# The Fundamental Difference in Interpretations of Quantum Mechanics

A topic that continually comes up in discussions of quantum mechanics is the existence of many different interpretations. Not only are there different interpretations, but people often get quite emphatic about the one they favor, so that discussions of QM can easily turn into long arguments. Sometimes this even reaches the point where proponents of a particular interpretation claim that anyone who doesn’t believe it is “idiotic”, or some other extreme term. This seems a bit odd given that all of the interpretations use the same theoretical machinery of QM to make predictions, and therefore whatever differences there are between them are not experimentally testable.

In this article I want to present what I see as a fundamental difference in interpretation that I think is at the heart of many of these disagreements and arguments. I take no position on whether either of the interpretations I will describe is “right” or “wrong”; my purpose here is not to argue for either one but to try to explain the fundamental beliefs underlying each one to people who hold the other. If people are going to disagree about interpretations of QM, which is likely to continue until someone figures out a way of extending QM so that the differences in interpretations become experimentally testable, it would be nice if they could at least understand what they are disagreeing about instead of calling each other idiots. This article is an attempt to make some small contribution towards that goal.

The fundamental difference that I see is how to interpret the mathematical object that describes a quantum system. This object has various names: quantum state, state vector, wave function, etc. I will call it the “state” both for brevity and to avoid adopting any specific mathematical framework, since they’re all equivalent anyway. The question is, what does the state represent? The two fundamentally different interpretations give two very different answers to this question:

(1) The state describes our knowledge or potential knowledge about the system; we use the state to predict the probabilities of different results for measurements we might choose to make of the system. Changes in the state represent changes in our knowledge about the system; for example, when we make a measurement and obtain a particular result, we update the state to reflect our knowledge of that result.

(2) The state describes the physically real state of the system; the state allows us to predict the probabilities of different results for measurements because it describes something physically real, and measurements do physically real things to it. Changes in the state represent physically real changes in the system; for example, when we make a measurement, the state of the measured system becomes entangled with the state of the measuring device, which is a physically real change in both of them.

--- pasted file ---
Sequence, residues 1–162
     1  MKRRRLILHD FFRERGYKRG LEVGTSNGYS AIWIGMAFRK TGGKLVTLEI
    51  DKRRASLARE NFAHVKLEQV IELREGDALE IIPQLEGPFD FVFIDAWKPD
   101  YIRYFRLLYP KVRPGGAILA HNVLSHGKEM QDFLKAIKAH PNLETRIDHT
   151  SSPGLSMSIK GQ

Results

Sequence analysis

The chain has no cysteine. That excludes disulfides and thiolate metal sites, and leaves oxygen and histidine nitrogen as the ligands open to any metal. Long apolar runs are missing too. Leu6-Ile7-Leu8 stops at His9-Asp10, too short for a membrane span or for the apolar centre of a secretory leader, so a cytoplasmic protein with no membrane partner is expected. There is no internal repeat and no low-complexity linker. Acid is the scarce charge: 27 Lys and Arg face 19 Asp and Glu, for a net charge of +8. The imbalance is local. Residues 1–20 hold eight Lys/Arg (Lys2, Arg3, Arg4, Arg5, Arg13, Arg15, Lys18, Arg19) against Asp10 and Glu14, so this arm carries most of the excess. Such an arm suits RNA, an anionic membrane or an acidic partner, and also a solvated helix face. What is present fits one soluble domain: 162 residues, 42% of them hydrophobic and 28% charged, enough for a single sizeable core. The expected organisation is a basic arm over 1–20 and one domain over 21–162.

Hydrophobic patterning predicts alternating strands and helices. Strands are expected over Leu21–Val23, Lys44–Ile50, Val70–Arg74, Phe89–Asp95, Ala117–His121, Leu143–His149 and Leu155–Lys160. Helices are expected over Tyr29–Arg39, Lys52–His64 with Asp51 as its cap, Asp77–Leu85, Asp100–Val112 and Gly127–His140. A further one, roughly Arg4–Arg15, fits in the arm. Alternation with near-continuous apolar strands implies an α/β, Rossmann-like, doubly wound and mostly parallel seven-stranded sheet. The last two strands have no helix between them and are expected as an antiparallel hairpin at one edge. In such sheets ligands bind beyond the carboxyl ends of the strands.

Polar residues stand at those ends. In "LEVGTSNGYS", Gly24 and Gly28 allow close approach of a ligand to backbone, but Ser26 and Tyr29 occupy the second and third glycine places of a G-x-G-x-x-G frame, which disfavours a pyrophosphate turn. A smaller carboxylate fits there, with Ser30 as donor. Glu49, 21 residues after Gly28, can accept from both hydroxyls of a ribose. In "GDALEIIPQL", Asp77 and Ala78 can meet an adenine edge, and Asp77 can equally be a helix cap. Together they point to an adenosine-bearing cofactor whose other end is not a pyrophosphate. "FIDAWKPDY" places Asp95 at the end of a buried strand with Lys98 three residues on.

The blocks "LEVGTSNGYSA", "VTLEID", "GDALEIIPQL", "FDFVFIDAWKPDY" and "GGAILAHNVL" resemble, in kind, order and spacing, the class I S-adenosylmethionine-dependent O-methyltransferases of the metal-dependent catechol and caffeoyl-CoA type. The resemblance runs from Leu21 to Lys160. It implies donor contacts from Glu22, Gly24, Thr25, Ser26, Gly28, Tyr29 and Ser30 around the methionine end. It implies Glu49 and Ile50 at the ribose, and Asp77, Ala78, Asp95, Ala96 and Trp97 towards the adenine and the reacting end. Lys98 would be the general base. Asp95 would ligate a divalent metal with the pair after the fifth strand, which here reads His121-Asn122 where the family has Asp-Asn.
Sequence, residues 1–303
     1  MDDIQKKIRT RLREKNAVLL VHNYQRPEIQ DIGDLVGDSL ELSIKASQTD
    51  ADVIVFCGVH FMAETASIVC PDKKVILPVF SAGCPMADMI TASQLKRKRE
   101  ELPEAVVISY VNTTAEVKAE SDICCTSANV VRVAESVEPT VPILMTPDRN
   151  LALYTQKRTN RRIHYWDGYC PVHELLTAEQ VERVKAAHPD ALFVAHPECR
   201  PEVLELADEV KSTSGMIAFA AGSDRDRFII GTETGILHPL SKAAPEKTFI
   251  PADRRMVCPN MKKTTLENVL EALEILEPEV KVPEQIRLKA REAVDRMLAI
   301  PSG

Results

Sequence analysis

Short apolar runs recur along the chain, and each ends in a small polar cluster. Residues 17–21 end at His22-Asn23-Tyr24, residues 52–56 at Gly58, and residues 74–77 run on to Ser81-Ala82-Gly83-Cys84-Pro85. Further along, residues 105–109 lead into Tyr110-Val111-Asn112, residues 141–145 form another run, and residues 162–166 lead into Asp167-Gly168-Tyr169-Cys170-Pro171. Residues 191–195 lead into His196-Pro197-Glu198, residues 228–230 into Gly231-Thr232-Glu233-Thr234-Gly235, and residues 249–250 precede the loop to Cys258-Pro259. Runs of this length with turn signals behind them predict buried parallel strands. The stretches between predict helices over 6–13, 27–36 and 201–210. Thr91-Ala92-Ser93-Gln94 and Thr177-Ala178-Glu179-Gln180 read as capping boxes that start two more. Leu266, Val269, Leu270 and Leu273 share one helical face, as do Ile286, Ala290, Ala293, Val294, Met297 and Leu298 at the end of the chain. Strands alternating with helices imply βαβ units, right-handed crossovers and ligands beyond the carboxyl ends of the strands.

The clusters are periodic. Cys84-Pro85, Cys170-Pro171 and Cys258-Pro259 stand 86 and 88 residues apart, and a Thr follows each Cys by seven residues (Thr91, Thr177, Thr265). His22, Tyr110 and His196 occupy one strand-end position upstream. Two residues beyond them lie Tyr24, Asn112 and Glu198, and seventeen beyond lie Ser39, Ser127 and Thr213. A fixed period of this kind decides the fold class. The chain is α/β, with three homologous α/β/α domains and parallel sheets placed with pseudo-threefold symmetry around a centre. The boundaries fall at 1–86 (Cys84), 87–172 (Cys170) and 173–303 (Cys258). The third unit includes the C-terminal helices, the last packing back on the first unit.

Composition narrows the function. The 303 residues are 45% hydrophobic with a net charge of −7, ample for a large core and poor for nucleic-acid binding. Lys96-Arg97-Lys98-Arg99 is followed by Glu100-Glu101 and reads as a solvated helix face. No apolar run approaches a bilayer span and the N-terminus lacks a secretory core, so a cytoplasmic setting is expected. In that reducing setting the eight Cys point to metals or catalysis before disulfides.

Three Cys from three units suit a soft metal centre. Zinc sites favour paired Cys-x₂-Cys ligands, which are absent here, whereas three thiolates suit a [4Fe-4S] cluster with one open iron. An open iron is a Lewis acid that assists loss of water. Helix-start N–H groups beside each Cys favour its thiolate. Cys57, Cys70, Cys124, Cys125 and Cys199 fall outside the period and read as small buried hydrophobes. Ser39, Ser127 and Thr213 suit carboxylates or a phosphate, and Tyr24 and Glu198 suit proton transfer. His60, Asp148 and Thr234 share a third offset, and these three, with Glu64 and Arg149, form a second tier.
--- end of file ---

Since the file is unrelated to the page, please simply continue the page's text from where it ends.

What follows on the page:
(Some people might want to add a third answer: the state describes an ensemble of a large number of similar systems, rather than a single system. For purposes of this discussion, I am considering this to be equivalent to answer #1, because the state does not describe the physically real state of a single system.)

The reason there is a fundamental problem with the interpretation of QM is that each of the above answers, while it contains parts that seem obviously true, leads us, if we take it to its logical conclusion, to a place that doesn’t make sense. There is no choice that gives us just a set of comfortable, reasonable statements that we can easily accept as true. Picking an interpretation requires you to decide which of the obviously true things seems more compelling and which ones you are willing to give up, and/or which of the places that don’t make sense is less unpalatable to you.

For #1, the obviously true part is that we can never directly observe the state, and we can never make deterministic predictions about the results of quantum experiments. That makes it seem obvious that the state can’t be the physically real state of the system; if it were, we ought to be able to pin it down and not have to settle for merely probabilistic descriptions. But if we take that idea to its logical conclusion, it implies that QM must be an incomplete theory; there ought to be some more complete description of the system that fills in the gaps and allows us to do better than merely probabilistic predictions. And yet nobody has ever found such a more complete description, and all indications from experiments (at least so far) are that no such description exists; the probabilistic predictions that QM gives us really are the best we can do.